Manitoba Liquor & Lotteries to Fund $1.35 Million for Canada-Israel FASD Research at IMRIC

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CFHU and IMRIC News Release

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FASD announcementMay 27, 2014, Winnipeg, Manitoba – Manitoba Liquor & Lotteries is providing $1.35 million towards research aimed at improving early diagnosis, intervention and prevention of Fetal Alcohol Spectrum Disorder (FASD). The funding is awarded to the Canada-Israel International Fetal Alcohol Consortium (CIIFAC), made up of research teams from the University of Manitoba and the Institute for Medical Research Israel-Canada (IMRIC), Hebrew University of Jerusalem. The research consortium was made possible through the work of the Canadian Friends of the Hebrew University of Jerusalem (CFHU), which was instrumental in bringing together all of the stakeholders.

The CIIFAC’s research is focused on:

  1. Better understanding the susceptibility factors for FASD including genetics, nutrition, and socio-economic factors in order to offer improved prevention strategies.
  2. Developing new tools for diagnosing FASD earlier in order to improve outcomes for individuals, families and communities.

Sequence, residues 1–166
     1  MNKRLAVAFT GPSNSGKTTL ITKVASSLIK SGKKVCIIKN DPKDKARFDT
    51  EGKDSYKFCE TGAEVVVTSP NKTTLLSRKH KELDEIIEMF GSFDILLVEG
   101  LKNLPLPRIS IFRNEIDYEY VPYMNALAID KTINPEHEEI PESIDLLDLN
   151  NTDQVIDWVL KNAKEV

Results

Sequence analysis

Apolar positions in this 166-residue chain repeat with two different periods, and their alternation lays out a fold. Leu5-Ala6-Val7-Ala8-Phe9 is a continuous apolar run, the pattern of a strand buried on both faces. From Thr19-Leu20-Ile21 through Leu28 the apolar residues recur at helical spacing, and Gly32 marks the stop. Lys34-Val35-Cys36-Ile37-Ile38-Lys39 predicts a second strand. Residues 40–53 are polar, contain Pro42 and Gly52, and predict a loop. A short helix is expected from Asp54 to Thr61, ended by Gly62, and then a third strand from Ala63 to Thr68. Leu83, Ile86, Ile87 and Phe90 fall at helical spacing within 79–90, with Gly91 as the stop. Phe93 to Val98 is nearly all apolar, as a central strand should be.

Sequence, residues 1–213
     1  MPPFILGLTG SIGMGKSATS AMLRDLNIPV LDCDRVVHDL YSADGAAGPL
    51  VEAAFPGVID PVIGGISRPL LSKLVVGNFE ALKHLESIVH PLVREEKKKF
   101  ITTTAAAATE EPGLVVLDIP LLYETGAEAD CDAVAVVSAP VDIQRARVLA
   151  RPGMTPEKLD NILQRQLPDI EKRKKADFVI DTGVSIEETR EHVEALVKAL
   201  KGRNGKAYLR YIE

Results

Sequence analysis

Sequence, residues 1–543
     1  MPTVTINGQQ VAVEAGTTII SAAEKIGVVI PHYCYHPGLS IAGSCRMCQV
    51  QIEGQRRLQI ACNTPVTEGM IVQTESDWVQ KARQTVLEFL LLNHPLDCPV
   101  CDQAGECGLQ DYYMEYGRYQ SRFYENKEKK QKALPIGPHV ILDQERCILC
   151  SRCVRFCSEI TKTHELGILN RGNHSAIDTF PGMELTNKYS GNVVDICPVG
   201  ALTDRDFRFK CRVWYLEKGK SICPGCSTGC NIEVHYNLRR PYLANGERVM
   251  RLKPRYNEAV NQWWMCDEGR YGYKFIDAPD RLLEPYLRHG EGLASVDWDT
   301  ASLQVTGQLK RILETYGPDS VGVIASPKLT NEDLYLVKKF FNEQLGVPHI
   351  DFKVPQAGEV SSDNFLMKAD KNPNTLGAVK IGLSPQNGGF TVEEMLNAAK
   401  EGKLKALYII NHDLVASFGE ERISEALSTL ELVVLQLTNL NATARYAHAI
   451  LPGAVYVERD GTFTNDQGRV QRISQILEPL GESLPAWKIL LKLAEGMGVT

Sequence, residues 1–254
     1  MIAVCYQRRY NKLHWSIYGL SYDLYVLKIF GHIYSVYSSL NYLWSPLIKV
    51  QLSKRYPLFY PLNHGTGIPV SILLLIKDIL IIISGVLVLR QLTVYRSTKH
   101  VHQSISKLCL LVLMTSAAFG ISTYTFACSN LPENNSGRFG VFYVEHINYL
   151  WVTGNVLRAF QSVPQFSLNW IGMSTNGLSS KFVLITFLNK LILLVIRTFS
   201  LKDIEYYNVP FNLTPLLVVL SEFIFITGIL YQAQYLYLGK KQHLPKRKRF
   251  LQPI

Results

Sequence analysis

“People with FASD are all unique. They have different gifts and talents but they also have different challenges. We want to provide families living with FASD the services and supports they need to live successfully – and to support women to have healthy pregnancies,” said the Honourable Kevin Chief, Minister of Children and Youth Opportunities. “This funding from Manitoba Liquor & Lotteries supports our government’s cross-departmental FASD Strategy, and will bolster world leading research here in our province.”

“Manitoba Liquor & Lotteries is very pleased to support this important research,” said Winston Hodgins, President and CEO of Manitoba Liquor & Lotteries. “Our corporation is committed to social responsibility and has implemented FASD-related public awareness programs for many years. Consuming alcohol during pregnancy is directly related to the development of FASD – therefore, we are committed to FASD research and prevention.”

Murray Palay“We are delighted at the continued success of the partnership for FASD research between the University of Manitoba and the the Institute for Medical Research Israel - Canada at the Hebrew University,” said Rami Kleinmann, President and CEO, CFHU. “The funding from Manitoba Liquor & Lotteries speaks to the importance of collaborative research in addressing the complex medical and social implications of conditions such as FASD.
 
Manitoba Liquor & Lotteries commits two percent of annual net income for liquor and gaming social responsibility programs in research, education, and awareness. This year, that amounts to $11.6 million.
 
“This new funding strengthens our research partnership on FASD with the Hebrew University,” said Dr. Digvir Jayas, Vice-President (Research and International) and Distinguished Professor at the University of Manitoba. “Our research teams are seeking innovative approaches to understanding FASD in an effort to enhance the well-being of individuals, families and communities affected by FASD in Manitoba and beyond.”